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U.S. Human Genome Project Research Goals

The completion of the human DNA sequence in the spring of 2003 coincided with the 50th anniversary of Watson and Crick's description of the fundamental structure of DNA. The analytical power arising from the reference DNA sequences of entire genomes and other genomics resources has jump-started what some call the "biology century."

The Human Genome Project was marked by accelerated progress. In June 2000, the rough draft of the human genome was completed a year ahead of schedule. In February 2001, the working draft was completed, and special issues of Science and Nature containing the working draft sequence and analysis were published. Additional papers were published in April 2003 when the project was completed.

The project's first 5-year plan, intended to guide research in FYs 1990-1995, was revised in 1993 due to unexpected progress, and the second plan outlined goals through FY 1998. The third and final plan [Science, 23 October 1998] was developed during a series of  DOE and NIH workshops. Some 18 countries have participated in the worldwide effort, with significant contributions from the Sanger Center in the United Kingdom and research centers in Germany, France, and Japan.

Human Genome Project Goals and Completion Dates

Area HGP Goal Standard Achieved Date Achieved
Genetic Map 2- to 5-cM resolution map (600 – 1,500 markers) 1-cM resolution map (3,000 markers) September 1994
Physical Map 30,000 STSs 52,000 STSs October 1998
DNA Sequence 95% of gene-containing part of human sequence finished to 99.99% accuracy 99% of gene-containing part of human sequence finished to 99.99% accuracy April 2003
Capacity and Cost of Finished Sequence Sequence 500 Mb/year at < $0.25 per finished base Sequence >1,400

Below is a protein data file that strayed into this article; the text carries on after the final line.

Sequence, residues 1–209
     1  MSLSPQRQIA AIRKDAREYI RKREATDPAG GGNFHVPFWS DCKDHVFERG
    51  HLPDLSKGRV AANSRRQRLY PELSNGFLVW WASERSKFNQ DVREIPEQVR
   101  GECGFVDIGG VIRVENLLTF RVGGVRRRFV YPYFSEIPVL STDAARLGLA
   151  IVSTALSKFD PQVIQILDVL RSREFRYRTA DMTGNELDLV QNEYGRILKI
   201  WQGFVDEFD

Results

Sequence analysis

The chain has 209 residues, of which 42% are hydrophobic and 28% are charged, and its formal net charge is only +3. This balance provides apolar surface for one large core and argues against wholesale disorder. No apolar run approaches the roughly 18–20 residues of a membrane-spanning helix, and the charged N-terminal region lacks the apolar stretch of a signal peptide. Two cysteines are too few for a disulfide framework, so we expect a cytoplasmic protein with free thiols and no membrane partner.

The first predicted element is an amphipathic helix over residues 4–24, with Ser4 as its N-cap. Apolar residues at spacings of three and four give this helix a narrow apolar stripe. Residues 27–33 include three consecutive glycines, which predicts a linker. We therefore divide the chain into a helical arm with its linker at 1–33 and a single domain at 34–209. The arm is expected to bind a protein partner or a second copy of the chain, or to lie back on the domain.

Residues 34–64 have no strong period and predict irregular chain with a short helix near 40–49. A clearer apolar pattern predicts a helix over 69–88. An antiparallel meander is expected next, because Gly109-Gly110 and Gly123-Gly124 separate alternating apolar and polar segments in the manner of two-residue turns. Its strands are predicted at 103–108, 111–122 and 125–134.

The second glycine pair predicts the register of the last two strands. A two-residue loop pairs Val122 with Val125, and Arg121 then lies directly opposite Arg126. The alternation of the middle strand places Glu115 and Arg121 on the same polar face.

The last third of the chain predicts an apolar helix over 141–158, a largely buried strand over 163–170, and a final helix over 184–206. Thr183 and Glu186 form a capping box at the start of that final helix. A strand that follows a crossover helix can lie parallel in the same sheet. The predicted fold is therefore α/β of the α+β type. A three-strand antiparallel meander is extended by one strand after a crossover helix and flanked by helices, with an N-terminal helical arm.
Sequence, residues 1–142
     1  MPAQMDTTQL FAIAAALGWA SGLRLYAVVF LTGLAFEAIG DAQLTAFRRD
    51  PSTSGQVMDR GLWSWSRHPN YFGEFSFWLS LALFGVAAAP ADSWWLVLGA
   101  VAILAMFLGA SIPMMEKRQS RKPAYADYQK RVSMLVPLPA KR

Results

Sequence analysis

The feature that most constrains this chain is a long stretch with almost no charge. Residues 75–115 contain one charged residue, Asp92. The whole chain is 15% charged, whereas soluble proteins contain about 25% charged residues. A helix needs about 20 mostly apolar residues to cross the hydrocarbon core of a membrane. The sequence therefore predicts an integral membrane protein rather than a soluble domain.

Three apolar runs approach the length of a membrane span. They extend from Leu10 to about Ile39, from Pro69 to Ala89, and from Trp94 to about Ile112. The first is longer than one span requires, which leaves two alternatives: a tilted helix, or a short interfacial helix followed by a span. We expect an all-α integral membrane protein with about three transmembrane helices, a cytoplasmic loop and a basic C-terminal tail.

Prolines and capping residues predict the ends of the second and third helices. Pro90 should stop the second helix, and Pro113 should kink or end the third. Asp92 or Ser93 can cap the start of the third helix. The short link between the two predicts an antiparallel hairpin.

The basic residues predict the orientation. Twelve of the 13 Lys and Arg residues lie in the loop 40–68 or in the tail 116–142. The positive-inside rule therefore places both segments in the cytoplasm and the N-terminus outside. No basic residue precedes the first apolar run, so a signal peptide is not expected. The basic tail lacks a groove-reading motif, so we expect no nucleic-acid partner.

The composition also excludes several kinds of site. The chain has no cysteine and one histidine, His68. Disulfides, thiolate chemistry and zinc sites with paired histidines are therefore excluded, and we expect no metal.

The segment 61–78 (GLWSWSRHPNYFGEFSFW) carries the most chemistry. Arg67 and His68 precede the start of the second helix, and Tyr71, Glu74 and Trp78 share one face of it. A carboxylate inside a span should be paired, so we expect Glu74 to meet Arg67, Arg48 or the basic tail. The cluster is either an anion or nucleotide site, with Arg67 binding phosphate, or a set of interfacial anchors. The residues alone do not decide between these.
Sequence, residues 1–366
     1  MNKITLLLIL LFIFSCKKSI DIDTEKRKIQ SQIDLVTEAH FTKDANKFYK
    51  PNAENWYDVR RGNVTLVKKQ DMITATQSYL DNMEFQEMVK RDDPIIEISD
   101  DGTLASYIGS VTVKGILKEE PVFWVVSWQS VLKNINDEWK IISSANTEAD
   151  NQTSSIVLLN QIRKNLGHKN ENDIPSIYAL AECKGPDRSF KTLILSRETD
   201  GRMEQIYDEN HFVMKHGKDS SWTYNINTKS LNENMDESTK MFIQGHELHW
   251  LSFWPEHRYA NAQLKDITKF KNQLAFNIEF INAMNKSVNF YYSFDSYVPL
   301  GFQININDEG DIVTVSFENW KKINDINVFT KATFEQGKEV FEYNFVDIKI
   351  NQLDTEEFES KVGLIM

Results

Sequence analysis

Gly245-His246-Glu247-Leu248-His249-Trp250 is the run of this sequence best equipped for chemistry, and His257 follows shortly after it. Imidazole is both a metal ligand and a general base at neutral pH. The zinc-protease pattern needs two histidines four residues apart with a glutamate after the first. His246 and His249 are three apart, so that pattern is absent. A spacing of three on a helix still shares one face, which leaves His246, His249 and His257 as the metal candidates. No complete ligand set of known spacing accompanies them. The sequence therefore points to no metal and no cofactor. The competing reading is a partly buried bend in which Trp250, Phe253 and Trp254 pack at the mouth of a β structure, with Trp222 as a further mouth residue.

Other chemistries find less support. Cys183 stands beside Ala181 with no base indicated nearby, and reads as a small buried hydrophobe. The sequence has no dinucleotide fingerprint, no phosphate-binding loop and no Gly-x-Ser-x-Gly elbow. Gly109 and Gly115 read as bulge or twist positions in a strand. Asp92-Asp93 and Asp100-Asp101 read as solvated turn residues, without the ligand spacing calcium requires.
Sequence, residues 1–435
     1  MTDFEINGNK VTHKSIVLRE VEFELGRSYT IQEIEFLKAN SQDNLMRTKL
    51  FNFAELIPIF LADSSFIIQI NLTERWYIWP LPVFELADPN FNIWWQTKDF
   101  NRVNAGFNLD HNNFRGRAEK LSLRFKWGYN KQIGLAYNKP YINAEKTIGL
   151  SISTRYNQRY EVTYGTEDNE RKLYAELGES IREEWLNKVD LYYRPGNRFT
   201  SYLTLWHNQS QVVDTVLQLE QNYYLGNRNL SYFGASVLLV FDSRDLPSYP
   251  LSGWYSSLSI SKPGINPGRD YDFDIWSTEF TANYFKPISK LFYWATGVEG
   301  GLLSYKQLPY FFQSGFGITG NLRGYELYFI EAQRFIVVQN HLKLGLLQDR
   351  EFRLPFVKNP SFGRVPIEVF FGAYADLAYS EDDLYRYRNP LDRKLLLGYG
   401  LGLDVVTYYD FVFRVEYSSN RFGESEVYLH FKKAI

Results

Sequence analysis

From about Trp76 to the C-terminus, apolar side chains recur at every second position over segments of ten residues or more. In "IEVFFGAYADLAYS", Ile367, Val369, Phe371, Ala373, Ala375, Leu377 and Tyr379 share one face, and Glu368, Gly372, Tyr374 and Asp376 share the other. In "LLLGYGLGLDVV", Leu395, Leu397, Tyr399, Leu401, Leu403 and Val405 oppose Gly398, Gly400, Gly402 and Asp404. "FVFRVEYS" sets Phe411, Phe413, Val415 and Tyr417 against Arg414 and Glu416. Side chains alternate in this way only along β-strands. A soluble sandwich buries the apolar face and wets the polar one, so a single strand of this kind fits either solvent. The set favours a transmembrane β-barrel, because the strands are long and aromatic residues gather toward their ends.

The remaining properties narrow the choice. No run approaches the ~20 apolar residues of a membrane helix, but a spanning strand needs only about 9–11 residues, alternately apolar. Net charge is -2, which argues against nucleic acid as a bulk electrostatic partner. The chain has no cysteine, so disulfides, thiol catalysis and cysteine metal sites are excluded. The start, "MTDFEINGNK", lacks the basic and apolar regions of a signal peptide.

Mb/year at <$0.09 per finished base
November 2002
Human Sequence Variation 100,000 mapped human SNPs 3.7 million mapped human SNPs February 2003
Gene Identification Full-length human cDNAs 15,000 full-length human cDNAs March 2003
Model Organisms Complete genome sequences of
E. coli, S. cerevisiae, C. elegans, D. melanogaster
Finished genome sequences of E. coli, S. cerevisiae, C. elegans, D. melanogaster, plus whole-genome drafts of several others, including C. briggsae, D. pseudoobscura, mouse and rat April 2003
Functional Analysis Develop genomic-scale technologies High-throughput oligonucleotide synthesis 1994
DNA microarrays 1996
Eukaryotic, whole-genome knockouts (yeast)
1999
Scale-up of two-hybrid system for protein-protein interaction 2002

Source: Science 300, 286 (2003)
10.1126/science.1084564


Archival Documents

Five-Year Plans

5-Year Planning Workshops

Human Genome Project 1990–2003

The Human Genome Project (HGP) was an international 13-year effort, 1990 to 2003. Primary goals were to discover the complete set of human genes and make them accessible for further biological study, and determine the complete sequence of DNA bases in the human genome. See Timeline for more HGP history.

Human Genome News

Published from 1989 until 2002, this newsletter facilitated HGP communication, helped prevent duplication of research effort, and informed persons interested in genome research.